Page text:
The new investigation has four key themes:

  • The management of child protection within religious organisations and settings, including;

a. Training, and the understanding of child sexual abuse;
b. Policies and procedures;
c. Vetting and barring and regulated activity as identified in the Safeguarding Vulnerable Groups Act 2006 and the Protection of Freedoms Act 2012;
d. Responses to allegations of child sexual abuse, including the provision of pastoral support to complainants, victims and survivors;
e. Internal processes for auditing, inspection or oversight of the child protection practices and procedures. 

2. The existing statutory framework for the protection of children from abuse, and its application to religious organisations or settings.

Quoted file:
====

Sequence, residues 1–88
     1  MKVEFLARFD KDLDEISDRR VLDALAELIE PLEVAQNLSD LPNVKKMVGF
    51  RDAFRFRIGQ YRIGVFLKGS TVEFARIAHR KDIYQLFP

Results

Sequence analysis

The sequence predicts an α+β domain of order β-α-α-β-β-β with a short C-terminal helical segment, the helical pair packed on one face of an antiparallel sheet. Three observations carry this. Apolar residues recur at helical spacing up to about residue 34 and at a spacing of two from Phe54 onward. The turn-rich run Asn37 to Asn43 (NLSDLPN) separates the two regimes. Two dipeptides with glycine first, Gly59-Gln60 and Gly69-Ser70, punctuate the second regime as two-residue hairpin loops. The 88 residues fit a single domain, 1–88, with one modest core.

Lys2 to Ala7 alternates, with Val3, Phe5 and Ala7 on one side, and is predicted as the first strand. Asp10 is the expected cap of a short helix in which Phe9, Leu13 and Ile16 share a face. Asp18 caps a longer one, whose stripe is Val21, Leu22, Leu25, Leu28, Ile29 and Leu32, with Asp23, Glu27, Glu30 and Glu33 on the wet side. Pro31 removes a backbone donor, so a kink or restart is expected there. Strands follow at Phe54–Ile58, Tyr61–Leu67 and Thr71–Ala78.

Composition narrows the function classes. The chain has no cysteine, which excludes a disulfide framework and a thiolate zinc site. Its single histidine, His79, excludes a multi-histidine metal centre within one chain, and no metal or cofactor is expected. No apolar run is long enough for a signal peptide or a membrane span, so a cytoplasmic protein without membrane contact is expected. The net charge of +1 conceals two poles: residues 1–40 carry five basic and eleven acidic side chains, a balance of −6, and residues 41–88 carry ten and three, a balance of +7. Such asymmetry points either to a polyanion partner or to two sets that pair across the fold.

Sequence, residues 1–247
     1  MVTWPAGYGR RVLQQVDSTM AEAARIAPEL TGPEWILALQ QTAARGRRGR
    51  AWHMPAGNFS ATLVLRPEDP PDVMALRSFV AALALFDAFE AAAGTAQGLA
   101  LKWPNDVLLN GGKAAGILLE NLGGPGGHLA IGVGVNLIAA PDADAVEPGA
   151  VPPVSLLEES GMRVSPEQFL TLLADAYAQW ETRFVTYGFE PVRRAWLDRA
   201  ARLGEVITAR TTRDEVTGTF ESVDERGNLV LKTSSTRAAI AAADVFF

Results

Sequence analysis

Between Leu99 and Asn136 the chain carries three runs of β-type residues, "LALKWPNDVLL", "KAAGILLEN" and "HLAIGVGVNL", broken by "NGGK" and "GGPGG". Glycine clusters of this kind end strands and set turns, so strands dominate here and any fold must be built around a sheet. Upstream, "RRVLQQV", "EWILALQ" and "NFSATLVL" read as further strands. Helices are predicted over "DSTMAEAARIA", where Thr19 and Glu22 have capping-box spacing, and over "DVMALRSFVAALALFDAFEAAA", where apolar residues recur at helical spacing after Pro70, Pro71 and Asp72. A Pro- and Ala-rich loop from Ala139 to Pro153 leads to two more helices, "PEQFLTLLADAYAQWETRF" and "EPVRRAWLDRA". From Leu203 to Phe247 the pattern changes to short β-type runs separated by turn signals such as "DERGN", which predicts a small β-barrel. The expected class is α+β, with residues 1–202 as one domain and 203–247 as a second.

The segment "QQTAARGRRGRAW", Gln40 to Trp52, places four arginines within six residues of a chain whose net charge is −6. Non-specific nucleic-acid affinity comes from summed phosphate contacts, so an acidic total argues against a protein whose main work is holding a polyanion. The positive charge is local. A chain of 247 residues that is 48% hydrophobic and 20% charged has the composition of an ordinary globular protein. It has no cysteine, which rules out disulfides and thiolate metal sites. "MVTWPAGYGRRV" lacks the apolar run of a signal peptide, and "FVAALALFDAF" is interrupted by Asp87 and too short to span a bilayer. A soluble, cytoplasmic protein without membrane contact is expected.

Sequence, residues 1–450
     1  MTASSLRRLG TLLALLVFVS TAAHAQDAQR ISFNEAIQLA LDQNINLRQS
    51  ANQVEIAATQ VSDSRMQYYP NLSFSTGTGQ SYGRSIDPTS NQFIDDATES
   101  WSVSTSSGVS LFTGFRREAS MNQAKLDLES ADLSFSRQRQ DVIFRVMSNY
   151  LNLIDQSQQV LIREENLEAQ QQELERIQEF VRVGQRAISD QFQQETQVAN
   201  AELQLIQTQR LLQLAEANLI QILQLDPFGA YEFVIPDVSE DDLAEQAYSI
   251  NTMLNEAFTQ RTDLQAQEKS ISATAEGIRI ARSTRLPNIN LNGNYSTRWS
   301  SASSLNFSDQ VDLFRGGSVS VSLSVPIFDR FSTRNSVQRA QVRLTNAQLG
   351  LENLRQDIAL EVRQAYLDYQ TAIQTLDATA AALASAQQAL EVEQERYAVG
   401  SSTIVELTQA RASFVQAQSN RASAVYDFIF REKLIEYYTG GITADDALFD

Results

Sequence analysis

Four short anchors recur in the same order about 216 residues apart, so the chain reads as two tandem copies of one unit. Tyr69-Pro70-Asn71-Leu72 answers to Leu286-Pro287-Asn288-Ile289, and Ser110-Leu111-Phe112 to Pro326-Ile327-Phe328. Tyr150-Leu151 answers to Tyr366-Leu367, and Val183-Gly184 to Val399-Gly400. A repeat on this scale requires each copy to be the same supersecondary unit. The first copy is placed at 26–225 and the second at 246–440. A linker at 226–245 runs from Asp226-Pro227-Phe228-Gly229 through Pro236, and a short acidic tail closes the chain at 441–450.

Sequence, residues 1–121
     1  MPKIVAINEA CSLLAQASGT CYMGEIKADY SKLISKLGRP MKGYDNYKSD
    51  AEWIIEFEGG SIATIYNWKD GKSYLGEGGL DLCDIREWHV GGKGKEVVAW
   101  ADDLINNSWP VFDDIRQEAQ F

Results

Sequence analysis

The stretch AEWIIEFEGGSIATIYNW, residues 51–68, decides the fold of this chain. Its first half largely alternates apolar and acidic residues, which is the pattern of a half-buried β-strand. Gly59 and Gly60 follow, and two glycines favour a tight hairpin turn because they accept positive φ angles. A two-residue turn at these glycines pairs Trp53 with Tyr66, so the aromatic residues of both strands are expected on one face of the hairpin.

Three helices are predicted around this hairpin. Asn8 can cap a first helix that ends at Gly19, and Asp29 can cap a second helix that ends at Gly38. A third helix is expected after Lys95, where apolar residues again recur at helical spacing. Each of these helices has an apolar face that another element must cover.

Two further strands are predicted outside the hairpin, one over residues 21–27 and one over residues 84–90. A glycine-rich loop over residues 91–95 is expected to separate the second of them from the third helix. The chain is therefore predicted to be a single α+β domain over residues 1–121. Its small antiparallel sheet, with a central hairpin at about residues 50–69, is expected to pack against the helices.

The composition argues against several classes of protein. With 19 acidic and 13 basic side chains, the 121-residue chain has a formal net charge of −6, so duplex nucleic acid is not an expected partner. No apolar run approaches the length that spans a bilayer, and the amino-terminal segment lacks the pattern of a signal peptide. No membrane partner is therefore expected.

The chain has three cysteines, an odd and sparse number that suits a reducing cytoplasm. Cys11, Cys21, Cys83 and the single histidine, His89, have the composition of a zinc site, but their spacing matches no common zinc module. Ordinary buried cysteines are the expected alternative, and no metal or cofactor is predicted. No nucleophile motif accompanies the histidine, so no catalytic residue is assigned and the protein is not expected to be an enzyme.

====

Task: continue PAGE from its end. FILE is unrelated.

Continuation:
3. The existing framework for auditing, inspection or oversight of the practices and procedures by either state or non-state institutions.

4. Whether there needs to be additional and/or different practices, processes or oversight (whether by way of internal oversight or external oversight by a non-state or state body) to ensure that children are protected from child sexual abuse within religious organisations or settings.

This investigation intends to focus on a wide range of organisations associated with religions/faith traditions which have a significant presence in England and Wales. This will include, but is not limited to, organisations associated with the following religions/faith traditions:

  • “Non conformist” Christian denominations;
  • Eastern and Coptic Orthodox communities;
  • Pentecostal churches and independent charismatic and house churches;
  • The Church of Latter Day Saints;
  • The Jehovah’s witnesses;
  • Islam;
  • Judaism;
  • Hinduism;
  • Jainism;
  • Sikhism;
  • Buddhism; and
  • Paganism.